Maurice Crum: Linebacker’s legacy intact whether he stays or goes
Chris Hine | Thursday, November 15, 2007
Whether he decides to end his career at Notre Dame after this season or next season, linebacker Maurice Crum has already left a legacy at Notre Dame that will be hard to replace.
Crum led the team in tackles last season with 100 and has succeeded both under Rick Minter’s 4-3 defensive scheme and Corwin Brown 3-4 personnel scheme.
Aside from his contributions on the field, Crum was voted captain by his teammates prior to this season and has helped hold his team together during a 1-9 season that would see other programs implode.
Crum’s father, Maurice Sr., who was an All-America linebacker at the Miami, told The Observer in October that his son planned to apply for a fifth year of eligibility – but Crum himself has yet to say whether he will seek a fifth year.
As for this season, Irish fans owe a debt of gratitude to Crum for Notre Dame’s only win this season, a 20-6 victory over UCLA on Oct. 6.
Crum had a night to remember against the Bruins – he recorded seven tackles, one sack, recovered two fumbles, grabbed two interceptions and scored a touchdown in Notre Dame’s first win of the season.
“It was a dream,” Crum said. “[That game] was like what people dream about, seeing and making plays. It’s something that will be in my heart forever.”
But it took a couple of years for that dream to become reality.
Crum was an all-state linebacker at Tampa Bay Tech High School in Florida. Even though football is in his blood, Crum said it still required consistent hard work – even at a young age – to become a star athlete.
“It’s been a steady process since I was born basically,” Crum said. “You know, being a young kid and learning to be competitive, and as I got older I started learning technique and so it’s basically been a steady process.”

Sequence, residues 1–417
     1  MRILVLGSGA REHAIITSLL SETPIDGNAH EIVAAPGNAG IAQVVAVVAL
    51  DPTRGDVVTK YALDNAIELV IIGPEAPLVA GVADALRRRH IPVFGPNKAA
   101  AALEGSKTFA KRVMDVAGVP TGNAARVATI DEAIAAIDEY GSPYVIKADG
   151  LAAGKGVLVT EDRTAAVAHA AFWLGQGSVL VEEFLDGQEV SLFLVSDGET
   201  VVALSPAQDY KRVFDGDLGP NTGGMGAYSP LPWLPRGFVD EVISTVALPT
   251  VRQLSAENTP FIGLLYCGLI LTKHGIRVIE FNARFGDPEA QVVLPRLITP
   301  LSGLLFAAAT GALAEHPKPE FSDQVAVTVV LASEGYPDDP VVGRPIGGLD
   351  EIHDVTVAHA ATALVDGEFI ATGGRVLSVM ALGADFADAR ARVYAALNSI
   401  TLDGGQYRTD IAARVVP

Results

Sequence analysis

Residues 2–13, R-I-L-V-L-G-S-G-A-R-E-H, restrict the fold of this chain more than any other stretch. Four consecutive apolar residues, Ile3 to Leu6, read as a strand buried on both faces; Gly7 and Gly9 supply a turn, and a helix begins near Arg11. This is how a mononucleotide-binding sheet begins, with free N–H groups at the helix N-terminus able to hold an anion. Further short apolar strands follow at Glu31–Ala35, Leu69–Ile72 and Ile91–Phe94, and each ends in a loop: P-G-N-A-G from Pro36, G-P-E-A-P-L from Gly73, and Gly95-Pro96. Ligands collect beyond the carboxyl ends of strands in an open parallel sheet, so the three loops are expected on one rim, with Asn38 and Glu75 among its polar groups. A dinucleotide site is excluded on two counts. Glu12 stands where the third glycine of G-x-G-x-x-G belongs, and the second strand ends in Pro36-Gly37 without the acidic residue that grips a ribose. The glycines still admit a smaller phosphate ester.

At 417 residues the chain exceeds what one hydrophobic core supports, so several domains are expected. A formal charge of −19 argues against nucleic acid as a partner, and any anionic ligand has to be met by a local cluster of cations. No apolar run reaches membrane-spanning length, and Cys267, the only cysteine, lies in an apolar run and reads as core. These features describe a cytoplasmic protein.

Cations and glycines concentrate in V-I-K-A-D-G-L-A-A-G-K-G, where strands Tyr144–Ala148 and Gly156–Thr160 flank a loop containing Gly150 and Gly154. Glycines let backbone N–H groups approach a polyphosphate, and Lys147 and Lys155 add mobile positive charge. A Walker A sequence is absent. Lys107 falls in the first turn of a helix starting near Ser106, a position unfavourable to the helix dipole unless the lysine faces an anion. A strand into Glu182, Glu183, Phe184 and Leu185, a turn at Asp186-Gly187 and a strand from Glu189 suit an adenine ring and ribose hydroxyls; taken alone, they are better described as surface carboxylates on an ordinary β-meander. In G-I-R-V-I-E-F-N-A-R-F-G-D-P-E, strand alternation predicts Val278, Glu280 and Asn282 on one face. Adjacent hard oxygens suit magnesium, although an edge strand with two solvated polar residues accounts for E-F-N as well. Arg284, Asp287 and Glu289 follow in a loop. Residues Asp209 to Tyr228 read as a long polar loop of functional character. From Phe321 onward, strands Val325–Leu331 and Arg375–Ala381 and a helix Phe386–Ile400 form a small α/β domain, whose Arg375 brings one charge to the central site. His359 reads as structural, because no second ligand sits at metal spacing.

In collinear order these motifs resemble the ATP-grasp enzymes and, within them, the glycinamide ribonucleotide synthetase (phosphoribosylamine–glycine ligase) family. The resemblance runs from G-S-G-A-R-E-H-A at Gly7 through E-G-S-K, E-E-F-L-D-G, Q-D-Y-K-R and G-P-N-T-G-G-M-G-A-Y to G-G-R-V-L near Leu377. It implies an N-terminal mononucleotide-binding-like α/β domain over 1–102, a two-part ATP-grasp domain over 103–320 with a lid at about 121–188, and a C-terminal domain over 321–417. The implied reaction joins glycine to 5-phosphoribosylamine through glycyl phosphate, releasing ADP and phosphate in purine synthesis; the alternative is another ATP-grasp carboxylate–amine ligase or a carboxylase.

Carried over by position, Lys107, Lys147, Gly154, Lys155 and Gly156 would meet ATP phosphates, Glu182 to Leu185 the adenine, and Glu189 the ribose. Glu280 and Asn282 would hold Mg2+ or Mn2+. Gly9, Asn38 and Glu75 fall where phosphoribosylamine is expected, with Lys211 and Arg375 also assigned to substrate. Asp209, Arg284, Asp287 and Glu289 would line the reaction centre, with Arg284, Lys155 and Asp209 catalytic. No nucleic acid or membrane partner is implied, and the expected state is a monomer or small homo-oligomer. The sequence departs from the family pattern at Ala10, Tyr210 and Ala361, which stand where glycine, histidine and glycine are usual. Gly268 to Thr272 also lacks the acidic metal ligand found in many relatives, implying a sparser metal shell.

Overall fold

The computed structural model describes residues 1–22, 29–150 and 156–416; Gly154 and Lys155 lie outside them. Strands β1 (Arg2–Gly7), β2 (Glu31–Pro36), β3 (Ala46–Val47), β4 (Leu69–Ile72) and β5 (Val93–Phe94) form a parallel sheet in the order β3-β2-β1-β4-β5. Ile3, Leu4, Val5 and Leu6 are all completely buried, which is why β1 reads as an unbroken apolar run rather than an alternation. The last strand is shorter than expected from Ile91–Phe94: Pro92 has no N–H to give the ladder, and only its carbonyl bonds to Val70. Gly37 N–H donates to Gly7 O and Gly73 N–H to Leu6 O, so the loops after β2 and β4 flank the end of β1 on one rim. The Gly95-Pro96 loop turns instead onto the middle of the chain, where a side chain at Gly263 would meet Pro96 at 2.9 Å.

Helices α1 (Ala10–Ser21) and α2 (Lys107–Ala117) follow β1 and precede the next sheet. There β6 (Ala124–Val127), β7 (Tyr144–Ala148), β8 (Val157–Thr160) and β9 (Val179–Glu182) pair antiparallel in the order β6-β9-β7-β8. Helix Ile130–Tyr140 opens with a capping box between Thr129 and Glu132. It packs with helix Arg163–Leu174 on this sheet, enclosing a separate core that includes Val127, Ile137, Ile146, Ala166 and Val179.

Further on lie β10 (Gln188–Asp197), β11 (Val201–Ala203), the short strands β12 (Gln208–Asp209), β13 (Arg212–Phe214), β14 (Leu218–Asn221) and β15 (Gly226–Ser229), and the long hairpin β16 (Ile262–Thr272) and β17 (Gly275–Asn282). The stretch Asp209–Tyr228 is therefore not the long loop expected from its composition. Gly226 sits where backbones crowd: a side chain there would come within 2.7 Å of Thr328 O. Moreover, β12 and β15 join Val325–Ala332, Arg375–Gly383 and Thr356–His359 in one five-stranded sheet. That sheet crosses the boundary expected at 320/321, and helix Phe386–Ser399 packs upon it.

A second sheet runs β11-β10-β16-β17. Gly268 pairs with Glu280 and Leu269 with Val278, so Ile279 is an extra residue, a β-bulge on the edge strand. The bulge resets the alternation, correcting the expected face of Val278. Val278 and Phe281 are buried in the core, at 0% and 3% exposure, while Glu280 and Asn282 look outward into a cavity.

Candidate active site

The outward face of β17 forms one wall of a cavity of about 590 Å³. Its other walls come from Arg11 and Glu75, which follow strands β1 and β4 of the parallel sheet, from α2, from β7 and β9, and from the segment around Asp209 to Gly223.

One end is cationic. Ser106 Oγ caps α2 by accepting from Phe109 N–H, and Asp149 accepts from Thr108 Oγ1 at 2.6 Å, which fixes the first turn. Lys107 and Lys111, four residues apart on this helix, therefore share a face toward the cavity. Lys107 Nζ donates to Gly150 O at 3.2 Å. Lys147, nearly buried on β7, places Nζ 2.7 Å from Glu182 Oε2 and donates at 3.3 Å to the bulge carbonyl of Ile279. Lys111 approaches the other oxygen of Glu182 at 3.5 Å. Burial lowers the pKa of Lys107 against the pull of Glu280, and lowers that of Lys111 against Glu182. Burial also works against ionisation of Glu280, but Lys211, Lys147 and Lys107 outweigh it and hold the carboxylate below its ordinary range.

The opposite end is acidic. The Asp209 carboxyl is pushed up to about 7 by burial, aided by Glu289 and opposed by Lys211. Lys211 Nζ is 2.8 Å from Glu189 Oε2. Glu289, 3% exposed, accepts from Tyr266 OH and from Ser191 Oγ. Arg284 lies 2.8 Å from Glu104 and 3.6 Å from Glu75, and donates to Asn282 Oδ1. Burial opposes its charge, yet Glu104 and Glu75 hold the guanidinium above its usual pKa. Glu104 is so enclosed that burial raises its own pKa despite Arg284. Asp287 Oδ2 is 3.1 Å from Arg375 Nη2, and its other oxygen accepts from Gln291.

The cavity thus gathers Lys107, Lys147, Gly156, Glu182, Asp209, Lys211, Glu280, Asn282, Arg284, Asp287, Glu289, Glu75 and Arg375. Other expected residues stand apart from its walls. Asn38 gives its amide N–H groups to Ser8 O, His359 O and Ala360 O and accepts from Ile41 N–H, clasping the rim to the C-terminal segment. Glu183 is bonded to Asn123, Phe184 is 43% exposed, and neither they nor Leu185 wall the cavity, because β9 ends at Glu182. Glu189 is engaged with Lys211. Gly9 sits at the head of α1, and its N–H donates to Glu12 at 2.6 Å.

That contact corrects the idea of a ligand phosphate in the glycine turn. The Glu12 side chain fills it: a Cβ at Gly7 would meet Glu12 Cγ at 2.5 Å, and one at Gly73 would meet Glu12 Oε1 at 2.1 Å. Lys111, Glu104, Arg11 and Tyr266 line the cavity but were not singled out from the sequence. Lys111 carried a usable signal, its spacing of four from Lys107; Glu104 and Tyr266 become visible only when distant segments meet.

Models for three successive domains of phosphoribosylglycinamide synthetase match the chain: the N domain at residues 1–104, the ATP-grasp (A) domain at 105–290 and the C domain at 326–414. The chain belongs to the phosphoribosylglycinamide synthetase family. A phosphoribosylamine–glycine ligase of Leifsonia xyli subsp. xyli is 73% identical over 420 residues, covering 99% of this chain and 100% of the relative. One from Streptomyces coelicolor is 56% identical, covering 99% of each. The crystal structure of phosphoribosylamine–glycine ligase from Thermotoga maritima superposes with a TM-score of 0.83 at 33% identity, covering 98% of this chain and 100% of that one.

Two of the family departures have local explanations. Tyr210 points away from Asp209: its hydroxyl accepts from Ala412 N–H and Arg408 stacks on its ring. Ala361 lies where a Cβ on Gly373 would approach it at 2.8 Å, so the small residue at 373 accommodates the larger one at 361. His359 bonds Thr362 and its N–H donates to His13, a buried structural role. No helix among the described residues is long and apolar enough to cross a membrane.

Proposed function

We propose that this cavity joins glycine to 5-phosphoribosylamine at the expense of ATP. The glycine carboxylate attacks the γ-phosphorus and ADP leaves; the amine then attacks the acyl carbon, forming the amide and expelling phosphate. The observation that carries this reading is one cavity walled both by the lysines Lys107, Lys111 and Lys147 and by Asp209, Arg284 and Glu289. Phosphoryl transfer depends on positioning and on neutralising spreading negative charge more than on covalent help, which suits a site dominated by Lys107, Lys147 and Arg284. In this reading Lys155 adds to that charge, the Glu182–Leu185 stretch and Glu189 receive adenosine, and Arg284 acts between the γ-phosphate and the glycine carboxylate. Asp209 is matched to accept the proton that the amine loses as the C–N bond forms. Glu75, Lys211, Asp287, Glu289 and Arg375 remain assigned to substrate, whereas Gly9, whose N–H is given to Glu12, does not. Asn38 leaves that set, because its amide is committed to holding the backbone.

When he arrived at Notre Dame, Crum found out that he had to keep developing if he was going to see the field. He was red-shirted freshman year, and that, he said, was harder to take than a 1-9 record this season.
“This season is hard, but it’s always harder when you don’t play,” Crum said. “At least this year, you’re out there and you have a chance to try but when you’re on the sidelines and you’re not playing – it’s hard. I mean, you come from high school being the guy and you always feeling like you have a chance to make a play, but again it’s hard. I think that’s the toughest part though is just watching.”
Crum’s father, however, gave him the advice he needed to get through that tough first year.
“For the most part I kept in contact with my dad and he kept telling me, ‘Don’t worry. Your time will come. And make the most of it when you get it,'” Crum said.
Crum said his passion for football has only grown in four years.
“One thing I’ve learned about myself is that I’m more emotional than I thought I was and I realized that I really, really love football with all my heart,” Crum said. “That’s the reason I’m so emotional.”
After two straight seasons capped by BCS Bowl appearances, Crum learned a valuable lesson this season about his teammates and the University that he’ll take with him next year – whether or not he returns to Notre Dame.
“I think the one positive that I’ve seen through this season that Notre Dame is really a family,” Crum said. “The fans, the students, us as a team, the coaching staff – nobody quits regardless of what’s happening, whether we’re winning or losing. Everyone here has each other’s back. We’re a family.”